Importance Of Sensor Installed Public infrastructure
The key means for driving the growth of worldwide urbanization is Sensor technology, which is designed to specifically help in monitoring city infrastructure, and also in helping urban cities to realize their city dream.
The following are few of the ways Sensor technology can help these public infrastructure or urban cities achieved this technological feet.
• Better Power Supply.
Although it may seem difficult to disconnect the power connection from a user's point of view, this is not the case for industrial users, who may have important connections to the production process, such as voltage, frequency, and waveform.
Reduced tension, peaks and expansions cause changes in energy quality. Even a millisecond outage can damage sensitive equipment. Sustainable energy quality monitoring uses advanced sensing technology to analyze and interpret raw data to improve system quality. This ensures that urban infrastructure systems (such as electrified light rail) that need to continuously provide high voltage power will suffer less damage (for example, overheating) and component failures.
• Air and whether Measuring for Construction Purposes.
For those involved in the construction of new infrastructure, measuring air quality and weather is becoming increasingly important. The construction of residential areas, roads, bridges or other infrastructures, the cleaning, operation of diesel engines, demolition and burning can affect the health of normal people, especially the health of people with respiratory diseases.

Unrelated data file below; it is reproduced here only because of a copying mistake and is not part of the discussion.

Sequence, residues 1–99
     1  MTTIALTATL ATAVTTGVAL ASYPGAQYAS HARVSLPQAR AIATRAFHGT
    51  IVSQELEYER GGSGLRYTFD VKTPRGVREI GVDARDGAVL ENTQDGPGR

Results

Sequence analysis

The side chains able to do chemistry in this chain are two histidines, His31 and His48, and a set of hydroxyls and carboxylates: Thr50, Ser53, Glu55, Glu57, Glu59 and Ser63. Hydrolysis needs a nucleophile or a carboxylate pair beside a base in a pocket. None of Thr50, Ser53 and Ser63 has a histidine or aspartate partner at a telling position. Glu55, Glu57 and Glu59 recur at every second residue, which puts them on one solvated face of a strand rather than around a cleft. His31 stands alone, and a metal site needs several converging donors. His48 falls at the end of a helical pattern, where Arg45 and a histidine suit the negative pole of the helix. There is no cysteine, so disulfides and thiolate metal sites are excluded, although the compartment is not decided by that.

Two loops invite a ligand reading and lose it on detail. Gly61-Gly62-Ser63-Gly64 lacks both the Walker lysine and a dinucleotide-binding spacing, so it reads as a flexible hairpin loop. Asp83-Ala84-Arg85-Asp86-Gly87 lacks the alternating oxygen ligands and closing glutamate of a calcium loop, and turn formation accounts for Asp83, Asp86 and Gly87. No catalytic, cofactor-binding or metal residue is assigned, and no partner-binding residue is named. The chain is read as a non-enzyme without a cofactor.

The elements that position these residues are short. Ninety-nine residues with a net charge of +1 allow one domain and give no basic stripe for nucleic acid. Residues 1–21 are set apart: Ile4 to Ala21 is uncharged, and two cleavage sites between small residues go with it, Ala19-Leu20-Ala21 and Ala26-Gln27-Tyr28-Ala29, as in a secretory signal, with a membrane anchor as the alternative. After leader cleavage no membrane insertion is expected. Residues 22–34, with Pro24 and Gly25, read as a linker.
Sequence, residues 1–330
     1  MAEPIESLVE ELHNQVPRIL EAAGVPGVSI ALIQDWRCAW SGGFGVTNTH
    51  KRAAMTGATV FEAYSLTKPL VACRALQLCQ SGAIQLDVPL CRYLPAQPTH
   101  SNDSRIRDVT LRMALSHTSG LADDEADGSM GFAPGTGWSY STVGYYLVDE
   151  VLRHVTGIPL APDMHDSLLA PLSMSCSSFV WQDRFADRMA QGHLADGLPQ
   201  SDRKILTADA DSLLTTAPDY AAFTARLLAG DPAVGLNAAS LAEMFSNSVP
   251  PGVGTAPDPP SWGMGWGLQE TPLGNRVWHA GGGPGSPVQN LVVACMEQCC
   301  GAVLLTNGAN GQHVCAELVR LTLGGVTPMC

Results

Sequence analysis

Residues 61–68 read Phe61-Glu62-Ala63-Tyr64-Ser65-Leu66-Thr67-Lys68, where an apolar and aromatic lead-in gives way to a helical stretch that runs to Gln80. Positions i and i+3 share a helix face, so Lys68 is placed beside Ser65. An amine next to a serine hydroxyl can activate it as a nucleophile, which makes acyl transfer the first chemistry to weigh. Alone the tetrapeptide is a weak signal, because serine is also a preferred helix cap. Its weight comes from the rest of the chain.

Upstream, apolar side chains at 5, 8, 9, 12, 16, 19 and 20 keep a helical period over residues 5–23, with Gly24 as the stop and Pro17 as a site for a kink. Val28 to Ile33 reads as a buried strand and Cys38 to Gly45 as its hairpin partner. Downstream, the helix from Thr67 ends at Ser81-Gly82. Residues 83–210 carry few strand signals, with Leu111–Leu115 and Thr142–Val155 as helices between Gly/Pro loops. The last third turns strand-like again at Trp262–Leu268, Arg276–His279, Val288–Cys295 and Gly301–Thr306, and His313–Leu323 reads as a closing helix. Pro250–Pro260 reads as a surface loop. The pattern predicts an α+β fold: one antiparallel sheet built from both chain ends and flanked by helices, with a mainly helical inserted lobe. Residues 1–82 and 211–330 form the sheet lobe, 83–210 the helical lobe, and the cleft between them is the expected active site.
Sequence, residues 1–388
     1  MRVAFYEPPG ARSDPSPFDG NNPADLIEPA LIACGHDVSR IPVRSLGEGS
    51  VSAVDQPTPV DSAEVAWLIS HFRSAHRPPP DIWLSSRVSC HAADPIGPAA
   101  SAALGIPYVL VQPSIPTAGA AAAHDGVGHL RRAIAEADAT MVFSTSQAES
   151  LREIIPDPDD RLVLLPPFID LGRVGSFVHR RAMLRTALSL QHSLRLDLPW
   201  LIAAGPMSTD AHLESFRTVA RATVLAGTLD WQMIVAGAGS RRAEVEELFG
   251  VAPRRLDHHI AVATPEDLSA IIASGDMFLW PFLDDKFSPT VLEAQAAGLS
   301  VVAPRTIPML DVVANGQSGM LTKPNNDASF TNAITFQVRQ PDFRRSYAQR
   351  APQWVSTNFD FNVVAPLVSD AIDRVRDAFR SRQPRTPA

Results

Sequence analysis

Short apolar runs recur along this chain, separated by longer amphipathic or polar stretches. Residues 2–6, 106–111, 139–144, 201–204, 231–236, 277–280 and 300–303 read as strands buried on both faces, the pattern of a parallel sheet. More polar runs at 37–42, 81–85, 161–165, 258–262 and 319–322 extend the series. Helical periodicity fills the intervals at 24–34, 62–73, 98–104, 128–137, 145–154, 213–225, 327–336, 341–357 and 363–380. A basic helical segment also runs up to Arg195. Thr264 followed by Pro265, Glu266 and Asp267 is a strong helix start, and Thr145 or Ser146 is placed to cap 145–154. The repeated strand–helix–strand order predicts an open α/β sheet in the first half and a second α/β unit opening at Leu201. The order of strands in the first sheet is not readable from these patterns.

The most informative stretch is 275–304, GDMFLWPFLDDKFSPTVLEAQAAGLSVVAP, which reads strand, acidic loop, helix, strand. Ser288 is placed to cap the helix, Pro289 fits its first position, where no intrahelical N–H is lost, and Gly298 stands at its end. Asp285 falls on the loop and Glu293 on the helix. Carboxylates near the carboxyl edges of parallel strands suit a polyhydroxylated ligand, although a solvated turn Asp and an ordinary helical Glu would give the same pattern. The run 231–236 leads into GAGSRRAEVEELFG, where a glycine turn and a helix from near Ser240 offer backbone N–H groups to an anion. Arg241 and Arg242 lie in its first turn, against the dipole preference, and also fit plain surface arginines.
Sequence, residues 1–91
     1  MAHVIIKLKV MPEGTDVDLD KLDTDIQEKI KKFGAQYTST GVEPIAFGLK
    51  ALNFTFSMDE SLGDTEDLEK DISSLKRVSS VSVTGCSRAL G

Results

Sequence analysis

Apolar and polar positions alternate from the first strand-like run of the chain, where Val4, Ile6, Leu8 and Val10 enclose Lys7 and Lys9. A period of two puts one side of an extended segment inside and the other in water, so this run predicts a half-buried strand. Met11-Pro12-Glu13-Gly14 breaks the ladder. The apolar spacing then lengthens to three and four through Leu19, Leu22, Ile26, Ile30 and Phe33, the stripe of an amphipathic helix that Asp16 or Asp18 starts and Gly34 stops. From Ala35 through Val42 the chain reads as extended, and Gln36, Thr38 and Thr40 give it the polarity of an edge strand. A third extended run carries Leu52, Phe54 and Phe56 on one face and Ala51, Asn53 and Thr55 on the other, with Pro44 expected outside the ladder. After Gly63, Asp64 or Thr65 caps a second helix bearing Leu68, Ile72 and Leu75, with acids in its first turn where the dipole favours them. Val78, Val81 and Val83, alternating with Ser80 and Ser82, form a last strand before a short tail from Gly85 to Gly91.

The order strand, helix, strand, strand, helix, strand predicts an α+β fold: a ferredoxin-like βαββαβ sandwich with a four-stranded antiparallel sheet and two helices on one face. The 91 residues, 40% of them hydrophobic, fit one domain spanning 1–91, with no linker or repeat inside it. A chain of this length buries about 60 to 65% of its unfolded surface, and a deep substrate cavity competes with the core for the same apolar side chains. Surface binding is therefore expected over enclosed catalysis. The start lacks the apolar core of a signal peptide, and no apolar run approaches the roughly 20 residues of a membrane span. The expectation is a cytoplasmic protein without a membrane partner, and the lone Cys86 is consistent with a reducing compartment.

It is also important to assess atmospheric conditions (such as wind speed and direction) to predict the risk of this pollutant spreading to neighboring areas. Studies have shown that on days with high levels of air pollution, asthma patients are 40% more likely to have an acute asthma attack than air quality. The EPA is therefore, forced to comply with laws such as the Clean Air Act or companies that try to minimize their ecological footprint by measuring carbon pollutants such as nitrogen dioxide, sulfur dioxide, carbon monoxide, ozone and particulate matter which are actively used, for the benefit of all residents of the city.
• Better Wastewaters Management
Improvements can also be made by integrating the infrastructure into management and monitoring systems (such as water management, waste management, control and information (SCADA) platforms) using intelligent networks. The sewer system's past capacity complemented the combination of sewer overflow and sanitary overflow events and was forced to clear contaminated content from designated flood sites. These events can have devastating consequences for nearby residents and local ecosystems.
As long as the utility can have real-time tracking capabilities (such as sensor data for measuring water quality, pressure, and speed), it can respond quickly to changing conditions to initiate repair mechanisms such as operating valves and underground valves or sewer fittings. . . Disposal sites. Fewer floods can also extend the life of equipment through sewer networks.